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Whilst in the process of copying some of my slides I had a thought, is there a correct side of the slide that should face the camera? I am sure that someone will help me with this conundrum.    

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The way you'd view them, base side to camera. Usually the side with the date and number, if process paid. The maker's name is usually emulsion side.

Otherwise you'll have to flop them in editing.

Edited by spacecadet

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Been a while since you had the projector out, at a guess.

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I would suggest putting the emulsion side towards the camera and flopping the image in Photoshop, then you will be photographing the image directly rather than through the base. This is the usual arrangement when placing film in a scanner or enlarger. 

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10 minutes ago, Sprocket said:

I would suggest putting the emulsion side towards the camera and flopping the image in Photoshop, then you will be photographing the image directly rather than through the base. This is the usual arrangement when placing film in a scanner or enlarger. 

What? Never heard of this before. The light still has to pass through the base so what's the difference? The base is transparent. You still focus on the grain.

Of course the emulsion faces the lens in projection, as it does in photography- if it didn't the image would be flopped.

 

Edited by spacecadet

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1 hour ago, Sprocket said:

I would suggest putting the emulsion side towards the camera and flopping the image in Photoshop, then you will be photographing the image directly rather than through the base. This is the usual arrangement when placing film in a scanner or enlarger.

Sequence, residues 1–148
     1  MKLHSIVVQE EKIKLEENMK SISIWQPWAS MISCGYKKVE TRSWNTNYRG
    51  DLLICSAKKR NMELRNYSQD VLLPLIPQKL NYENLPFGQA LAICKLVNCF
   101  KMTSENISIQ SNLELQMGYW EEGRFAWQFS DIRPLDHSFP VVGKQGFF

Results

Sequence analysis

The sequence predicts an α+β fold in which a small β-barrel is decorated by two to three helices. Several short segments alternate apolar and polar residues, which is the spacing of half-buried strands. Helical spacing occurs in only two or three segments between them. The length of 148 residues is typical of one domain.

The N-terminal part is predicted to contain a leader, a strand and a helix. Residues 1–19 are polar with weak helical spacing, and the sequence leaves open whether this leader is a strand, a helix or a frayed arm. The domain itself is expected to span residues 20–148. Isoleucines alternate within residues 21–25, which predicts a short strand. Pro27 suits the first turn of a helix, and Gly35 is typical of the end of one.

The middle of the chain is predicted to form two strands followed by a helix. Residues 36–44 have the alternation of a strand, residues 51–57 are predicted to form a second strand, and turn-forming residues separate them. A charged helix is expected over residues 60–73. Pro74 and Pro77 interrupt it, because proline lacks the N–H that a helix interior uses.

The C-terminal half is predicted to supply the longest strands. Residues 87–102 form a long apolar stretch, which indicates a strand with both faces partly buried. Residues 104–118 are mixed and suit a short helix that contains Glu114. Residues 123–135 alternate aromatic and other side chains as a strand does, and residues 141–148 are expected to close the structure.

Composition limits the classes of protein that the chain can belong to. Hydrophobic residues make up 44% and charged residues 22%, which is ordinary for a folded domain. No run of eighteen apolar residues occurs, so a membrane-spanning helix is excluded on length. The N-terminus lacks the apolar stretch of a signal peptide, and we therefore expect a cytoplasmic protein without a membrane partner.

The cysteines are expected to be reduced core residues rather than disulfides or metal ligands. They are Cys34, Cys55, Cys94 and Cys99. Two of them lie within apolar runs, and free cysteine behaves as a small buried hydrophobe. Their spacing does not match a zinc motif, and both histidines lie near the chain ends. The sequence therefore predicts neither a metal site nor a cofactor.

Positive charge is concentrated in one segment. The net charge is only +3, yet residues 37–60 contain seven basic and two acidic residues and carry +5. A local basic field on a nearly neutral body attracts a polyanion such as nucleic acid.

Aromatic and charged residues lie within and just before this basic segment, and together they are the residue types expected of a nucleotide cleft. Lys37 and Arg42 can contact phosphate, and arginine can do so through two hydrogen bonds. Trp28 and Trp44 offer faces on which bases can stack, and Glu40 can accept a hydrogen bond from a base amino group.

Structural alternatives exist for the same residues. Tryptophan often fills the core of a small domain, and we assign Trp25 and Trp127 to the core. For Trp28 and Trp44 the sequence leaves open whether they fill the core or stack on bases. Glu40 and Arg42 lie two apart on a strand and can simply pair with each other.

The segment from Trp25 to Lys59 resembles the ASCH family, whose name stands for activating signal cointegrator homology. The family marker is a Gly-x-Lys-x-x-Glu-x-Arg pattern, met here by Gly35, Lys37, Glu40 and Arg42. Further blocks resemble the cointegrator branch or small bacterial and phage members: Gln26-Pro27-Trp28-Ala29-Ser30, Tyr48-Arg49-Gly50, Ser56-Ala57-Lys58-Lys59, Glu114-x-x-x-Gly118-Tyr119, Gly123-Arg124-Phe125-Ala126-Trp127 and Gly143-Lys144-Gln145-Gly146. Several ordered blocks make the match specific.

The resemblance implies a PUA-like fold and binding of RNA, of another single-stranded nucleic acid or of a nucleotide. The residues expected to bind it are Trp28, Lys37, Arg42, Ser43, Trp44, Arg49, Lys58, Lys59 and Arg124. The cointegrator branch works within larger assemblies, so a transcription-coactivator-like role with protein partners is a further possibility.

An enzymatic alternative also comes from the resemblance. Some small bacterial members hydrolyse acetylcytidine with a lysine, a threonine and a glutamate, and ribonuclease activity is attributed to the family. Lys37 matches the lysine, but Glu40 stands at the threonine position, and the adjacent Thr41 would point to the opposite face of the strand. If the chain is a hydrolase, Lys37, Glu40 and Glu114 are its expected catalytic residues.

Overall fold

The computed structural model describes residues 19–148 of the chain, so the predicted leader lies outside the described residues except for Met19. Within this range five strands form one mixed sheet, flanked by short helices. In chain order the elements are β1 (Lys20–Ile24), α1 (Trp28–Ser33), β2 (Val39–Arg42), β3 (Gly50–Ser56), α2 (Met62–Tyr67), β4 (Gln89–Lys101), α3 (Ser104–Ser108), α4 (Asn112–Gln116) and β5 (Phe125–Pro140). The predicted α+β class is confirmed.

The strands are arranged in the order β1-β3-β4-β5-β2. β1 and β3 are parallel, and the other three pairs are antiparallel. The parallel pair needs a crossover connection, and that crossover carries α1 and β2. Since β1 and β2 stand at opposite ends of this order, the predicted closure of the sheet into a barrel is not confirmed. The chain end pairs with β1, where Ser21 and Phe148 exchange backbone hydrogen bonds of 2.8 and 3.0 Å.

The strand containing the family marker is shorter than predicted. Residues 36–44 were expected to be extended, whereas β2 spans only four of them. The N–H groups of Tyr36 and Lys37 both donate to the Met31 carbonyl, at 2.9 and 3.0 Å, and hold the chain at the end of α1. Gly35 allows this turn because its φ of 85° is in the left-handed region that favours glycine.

Simply not true. Emulsion side (matte side) is always down (closest to the paper) in an enlarger and shiny side up. Otherwise you would be looking at or printing an inverted image. Same in any slide (film) scanner I have ever used or if copying slides by photographing them - emulsion side down or faces away from the camera, shiny side up or towards the camera. I don't know about flatbed adapters as I have never used one - perhaps that is different.

Edited by MDM

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1 hour ago, MDM said:

Emulsion side (matte side) is always down (closest to the paper) in an enlarger and shiny side up.

 

Err, I think you'll find that agrees with what I wrote: the emulsion side should face towards the lens.

 

1 hour ago, MDM said:

Same in any slide (film) scanner I have ever used

 

OK, I shouldn't have mentioned scanners as there are so many variations. I use the Minolta Dimage MultiPro, in which the film is normally placed in the holder emulsion side down. The lamp passes above the holder and the lens is focused on the underside so it is scanning the emulsion side. Here's a video of one in action

 

 

2 hours ago, spacecadet said:

The light still has to pass through the base so what's the difference? The base is transparent. You still focus on the grain.

 

Why photograph through a layer of acetate/polyester if you don't need to? Anyway, it was only a suggestion, the op is free to try it or ignore it. 

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57 minutes ago, Sprocket said:

 

Err, I think you'll find that agrees with what I wrote: the emulsion side should face towards the lens.

 

 

OK, I shouldn't have mentioned scanners as there are so many variations. I use the Minolta Dimage MultiPro, in which the film is normally placed in the holder emulsion side down. The lamp passes above the holder and the lens is focused on the underside so it is scanning the emulsion side. Here's a video of one in action